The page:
This is a thought-provoking, partially autobiographical, exploration of curiosity as a motivation for conducting geographical research. Written by a highly productive scholar in his fifth decade of disciplinary contributions, the volume includes meditations on a life spent in the field and the academy seeking answers to questions both significant and arcane. Gade, who is professor emeritus at the University of Vermont, sees Carl Sauer as geography's twentieth century hero, and has plentiful advice for young scholars to follow in the master's footsteps.
The first part of the book is a discussion of the nature of intellectual curiosity with summaries of the contributions of people who have exemplified that trait. Gade argues that curiosity is highly correlated with a romantic sensibility. He is of the opinion that very few people, even scholars, exhibit a high level of intellectual curiosity and regards Carl Sauer (and Gade himself) as exemplars. Sauer's animating spirit of inquiry is discussed as is the work of his scholarly descendants (his former graduate students). The final section of the book is devoted to Gade's intellectual autobiography and discusses why questions occurred to him, how he went about seeking answers, and why there were some he questions he abandoned. He also revisits an earlier project (on citrus growing in Lake Garda, Italy) to explore how his perspectives changed.
This reviewer is entering her eighth decade and so appreciated Gade's prefacing remark that at age 70 one has "accumulated a capital of savoir-faire that is appropriate to communicate" (p. xv). However, we seem to have accumulated rather different capital. All fourteen of Gade's exemplars of the inquisitive spirit are male. Thirty seven men and no women wrote doctoral dissertations under Carl Sauer's direction. Gade's wife is acknowledged for having served as sounding board, travel companion, map maker and copyeditor as well as "providing a congenial home setting." I suspect she also took the photo of Gade with a statue of Humboldt, though various photos taken by Gade himself are labeled as such. Gade's curiosity-driven heroes are different from mine. Hartshorne's book on the nature of geography is referred to as "that turgid book," and he is later dismissed as a utilitarian philosopher. An accusation that Berry manipulated facts to construct his own reality is repeated. The quantifiers of the 1960s, the subsequent Marxists, feminists, and critical theorists are dismissed as lacking imagination. Gilbert White (who was on my own doctoral committee) practiced "geobureaucracy." Harvey is cited, but only for his article on the curious Humboldt. [End Page 199]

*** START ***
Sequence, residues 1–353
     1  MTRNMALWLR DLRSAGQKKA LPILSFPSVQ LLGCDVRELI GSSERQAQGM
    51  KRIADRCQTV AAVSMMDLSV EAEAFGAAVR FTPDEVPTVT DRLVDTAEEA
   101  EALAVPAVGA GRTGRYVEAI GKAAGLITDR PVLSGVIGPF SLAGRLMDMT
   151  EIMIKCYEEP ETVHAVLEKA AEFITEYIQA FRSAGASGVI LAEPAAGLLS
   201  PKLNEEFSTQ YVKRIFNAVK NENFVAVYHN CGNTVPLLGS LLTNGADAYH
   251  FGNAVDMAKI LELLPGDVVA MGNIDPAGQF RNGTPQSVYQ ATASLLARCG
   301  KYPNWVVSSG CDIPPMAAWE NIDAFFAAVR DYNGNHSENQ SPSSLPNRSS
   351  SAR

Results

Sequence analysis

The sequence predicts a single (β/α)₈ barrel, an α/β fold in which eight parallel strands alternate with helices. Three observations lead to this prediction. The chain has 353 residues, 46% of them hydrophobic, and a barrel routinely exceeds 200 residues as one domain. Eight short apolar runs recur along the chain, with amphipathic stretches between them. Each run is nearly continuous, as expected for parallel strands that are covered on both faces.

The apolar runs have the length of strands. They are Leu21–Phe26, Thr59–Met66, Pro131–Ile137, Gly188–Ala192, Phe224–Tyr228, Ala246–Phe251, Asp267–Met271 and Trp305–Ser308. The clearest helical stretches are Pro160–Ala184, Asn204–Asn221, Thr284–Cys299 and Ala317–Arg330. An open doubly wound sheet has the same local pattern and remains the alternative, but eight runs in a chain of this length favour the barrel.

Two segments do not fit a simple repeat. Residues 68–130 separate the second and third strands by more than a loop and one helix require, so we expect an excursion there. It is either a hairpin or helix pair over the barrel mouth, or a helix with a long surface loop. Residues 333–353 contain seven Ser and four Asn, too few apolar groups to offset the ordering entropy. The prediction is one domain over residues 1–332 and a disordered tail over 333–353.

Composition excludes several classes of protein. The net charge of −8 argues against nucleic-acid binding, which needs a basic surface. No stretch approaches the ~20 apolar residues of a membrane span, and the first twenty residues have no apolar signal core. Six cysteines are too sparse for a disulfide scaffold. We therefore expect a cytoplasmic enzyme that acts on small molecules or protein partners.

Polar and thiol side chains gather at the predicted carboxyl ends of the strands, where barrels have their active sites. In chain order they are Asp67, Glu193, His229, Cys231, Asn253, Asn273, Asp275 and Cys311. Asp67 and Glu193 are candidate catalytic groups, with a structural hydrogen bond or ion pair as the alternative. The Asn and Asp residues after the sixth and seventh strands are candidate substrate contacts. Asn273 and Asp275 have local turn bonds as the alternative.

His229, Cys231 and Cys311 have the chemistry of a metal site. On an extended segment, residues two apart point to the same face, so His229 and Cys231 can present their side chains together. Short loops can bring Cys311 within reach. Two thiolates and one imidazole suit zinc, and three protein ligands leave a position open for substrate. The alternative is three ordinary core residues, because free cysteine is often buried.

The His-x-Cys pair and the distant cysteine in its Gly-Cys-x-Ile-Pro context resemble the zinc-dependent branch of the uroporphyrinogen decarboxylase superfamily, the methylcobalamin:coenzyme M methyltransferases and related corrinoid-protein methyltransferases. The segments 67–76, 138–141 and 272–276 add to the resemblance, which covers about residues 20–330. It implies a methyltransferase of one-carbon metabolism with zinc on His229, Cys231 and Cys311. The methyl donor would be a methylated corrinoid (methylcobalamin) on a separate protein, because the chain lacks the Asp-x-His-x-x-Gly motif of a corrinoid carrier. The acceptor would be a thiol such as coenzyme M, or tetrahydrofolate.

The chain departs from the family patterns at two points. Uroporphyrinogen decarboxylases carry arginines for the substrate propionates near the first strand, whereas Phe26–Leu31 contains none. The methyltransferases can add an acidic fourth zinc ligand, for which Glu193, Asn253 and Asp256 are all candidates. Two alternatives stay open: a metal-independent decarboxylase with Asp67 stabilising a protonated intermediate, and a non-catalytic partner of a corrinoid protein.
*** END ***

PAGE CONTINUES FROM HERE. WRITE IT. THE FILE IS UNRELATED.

Nevertheless, there is much to enjoy, provoke and praise in this volume. This reviewer shares Gade's enthusiasm for field work and travel, and also his predilection for walking, while disagreeing with his generalization that "fieldwork is too humbling for those who constantly seek to parade their knowledge before audiences" (p.182). Gade has certainly practiced what he preaches. He has conducted extensive field work on several continents and has published voluminously in the journals of several disciplines. Fluent in several languages, his writings are enlivened with quotations from German, French, and Latin (mostly translated for those of us who are linguistically challenged!). He is, perhaps, a quintessential "old school scholar." He reports spending happy days in dusty archives in Spain and Latin America and one senses that the more esoteric the topic, the more enthusiastically he pursues it. Among the research projects he began, but abandoned, were race and motivation for arson, cats as food and lightning rods in Venice. While archives delight him, he appears to relish the danger of riding ancient railroads with drug smugglers in the Amazon if not the harrowing encounters with famine victims in Ethiopia. He has contracted various diseases and been the victim of theft. As he wrote, fieldwork is not always fun, but it is exhilarating.
One of the attractions of this volume for me was the fact that while conspicuously erudite, the text is not...